• Posted August 6, 2017 at 7:55 pm | Permalink

        Tried that one on Jerry by secret channel( since I did not know how to post the link or embed the image). He says ‘no’???

        • Bill Morrison
          Posted August 6, 2017 at 10:18 pm | Permalink

          It’s an immature fruit cluster of Corylus colurna, a European hazel species. Note the glandular hairs.

          • Diane G.
            Posted August 6, 2017 at 11:31 pm | Permalink

            Glad to hear it. That’s the “Turkish Hazel” I mentioned below. 🙂

            Is there a purpose for the glandular hairs?

          • nicky
            Posted August 7, 2017 at 1:46 pm | Permalink

            Ye I concur, a fruit/seedpod of Corylus colurna. Here in SA we have several seedpods looking like that, but not hazelnuts. Converging evolution? Poses the question: what is the selective advantage of looking like an alien? 🙂

      • Posted August 6, 2017 at 7:56 pm | Permalink

        I’m not happy with that. Jerry’s mystery blob has abundant glandular trichomes, and I’m not seeing bracts on it — seems more like a cluster of fruiting calyces. I’m thinking I’ve seen Ipomoea fruits that are something like this. I’ll look into that possibility.

      • Posted August 6, 2017 at 8:08 pm | Permalink

        ::palm slap::
        Of course! No wonder it was so familiar: we have beaked hazels (Corylus cornuta). So I knew this was a seed and I knew that I had seen similar but couldn’t place it. It’s not often we get to see the cluster because everything out there gobbles them up before we can usually see them.

        Mystery solved! I also thank you, sedgequeen.

        • Posted August 6, 2017 at 8:58 pm | Permalink

          I’m sorry, but I’m sure it’s not Corylus. The resemblance is only general and none of the visible details match.

      • Diane G.
        Posted August 6, 2017 at 8:40 pm | Permalink

        Looks good to me.

        • Posted August 6, 2017 at 8:55 pm | Permalink

          That might be it. It fell from a tree overhead, and there are more, so I’ll have the answer after I walk to work tomorrow.

          • Posted August 6, 2017 at 9:00 pm | Permalink

            More images, please! Cut one open and let us see the actual fruit and maybe a seed.

            • Diane G.
              Posted August 6, 2017 at 9:27 pm | Permalink

              Here’s a <a href="Turkish Hazel“>Visit W3Schools seed/nut pod.

              Wonder if Jerry’s find could be some horticulturally produced hazelnut variant?

          • Diane G.
            Posted August 6, 2017 at 9:42 pm | Permalink

            Oh, the suspense!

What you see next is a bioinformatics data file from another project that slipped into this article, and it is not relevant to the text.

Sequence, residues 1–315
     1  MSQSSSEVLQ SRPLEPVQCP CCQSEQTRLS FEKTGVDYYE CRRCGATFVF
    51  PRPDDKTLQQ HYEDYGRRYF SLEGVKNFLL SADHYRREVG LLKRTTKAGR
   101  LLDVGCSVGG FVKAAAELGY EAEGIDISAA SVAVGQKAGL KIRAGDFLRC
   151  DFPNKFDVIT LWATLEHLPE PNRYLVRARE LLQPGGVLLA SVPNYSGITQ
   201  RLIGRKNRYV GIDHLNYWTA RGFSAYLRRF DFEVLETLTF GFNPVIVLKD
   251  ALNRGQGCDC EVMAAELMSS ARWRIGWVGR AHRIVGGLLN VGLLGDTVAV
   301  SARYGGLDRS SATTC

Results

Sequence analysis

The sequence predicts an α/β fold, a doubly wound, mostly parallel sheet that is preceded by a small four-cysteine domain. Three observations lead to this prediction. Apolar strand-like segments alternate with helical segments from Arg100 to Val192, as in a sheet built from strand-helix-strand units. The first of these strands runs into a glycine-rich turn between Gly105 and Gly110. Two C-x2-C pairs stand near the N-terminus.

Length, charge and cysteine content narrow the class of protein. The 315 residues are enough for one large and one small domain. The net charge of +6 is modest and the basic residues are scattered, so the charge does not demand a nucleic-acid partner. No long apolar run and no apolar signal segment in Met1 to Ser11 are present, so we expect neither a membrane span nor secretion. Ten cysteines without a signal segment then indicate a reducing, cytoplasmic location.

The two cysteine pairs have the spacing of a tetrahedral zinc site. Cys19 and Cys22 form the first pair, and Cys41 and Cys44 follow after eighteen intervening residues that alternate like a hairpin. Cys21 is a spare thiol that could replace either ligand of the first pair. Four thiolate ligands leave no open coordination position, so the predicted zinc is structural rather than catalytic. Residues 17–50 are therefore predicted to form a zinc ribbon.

10. Posted August 6, 2017 at 7:47 pm | Permalink

    A katydid?

    • Posted August 6, 2017 at 7:58 pm | Permalink

      Did you consider nightjar?

      • Diane G.
        Posted August 6, 2017 at 8:35 pm | Permalink

        😀

      • Diana MacPherson
        Posted August 6, 2017 at 11:26 pm | Permalink

        A nightjar mimicking a katydid.

        • gravelinspector-Aidan
          Posted August 7, 2017 at 3:54 am | Permalink

          A nightjar mimicking Jerry’s car.
          Damned good mimic too, particularly after Jerry opened the door and got in.
          Do those “transformer” movies use the obvious joke?

  11. Posted August 6, 2017 at 7:47 pm | Permalink

    Probably,then, a weevil mimicking a hazel nut cluster?????

  12. GBJames
    Posted August 6, 2017 at 8:07 pm | Permalink

    Audrey II?

  13. ladyatheist
    Posted August 6, 2017 at 8:56 pm | Permalink

    I don’t know the species, but the name is “Audrey 2”

  14. Susan D.
    Posted August 6, 2017 at 8:59 pm | Permalink

    So does Jerry have hazelnut trees growing where he parks his car?

  15. jeffery
    Posted August 6, 2017 at 9:13 pm | Permalink

    Should have had a “trigger-warning”, for “Day of the Triffids” viewers on this post! Gotta keep up with PuffHo! 🙂

    • Posted August 7, 2017 at 9:36 am | Permalink

      Funnily enough, I was watching Day of the Triffids last night, and as soon as I saw the photo I thought “baby triffid”, before I read Jerry’s comment. Keep a bucket of salt water handy, Jerry, just in case.

  16. Craw
    Posted August 6, 2017 at 9:13 pm | Permalink

    The soul of Linda Sarsour, come to haunt you.

    • infiniteimprobabilit
      Posted August 7, 2017 at 12:18 am | Permalink

      Good one!

      cr

  17. dabertini
    Posted August 6, 2017 at 9:22 pm | Permalink

    “I have to admit that it frightened me at first”

    But you are Angry Cat Man. I guess we can call it your kriptonite. It is green after all.

  18. Posted August 7, 2017 at 1:45 am | Permalink

    I’m no scientist. Just a 77-yo wannabe. But it surely looks to me like the female fruit of Maclura pomifera, commonly known as a Texas horse apple.

    • Diane G.
      Posted August 7, 2017 at 2:12 am | Permalink

      That’s what we call Osage Orange, but I think the Texas name is a lot more fun. 🙂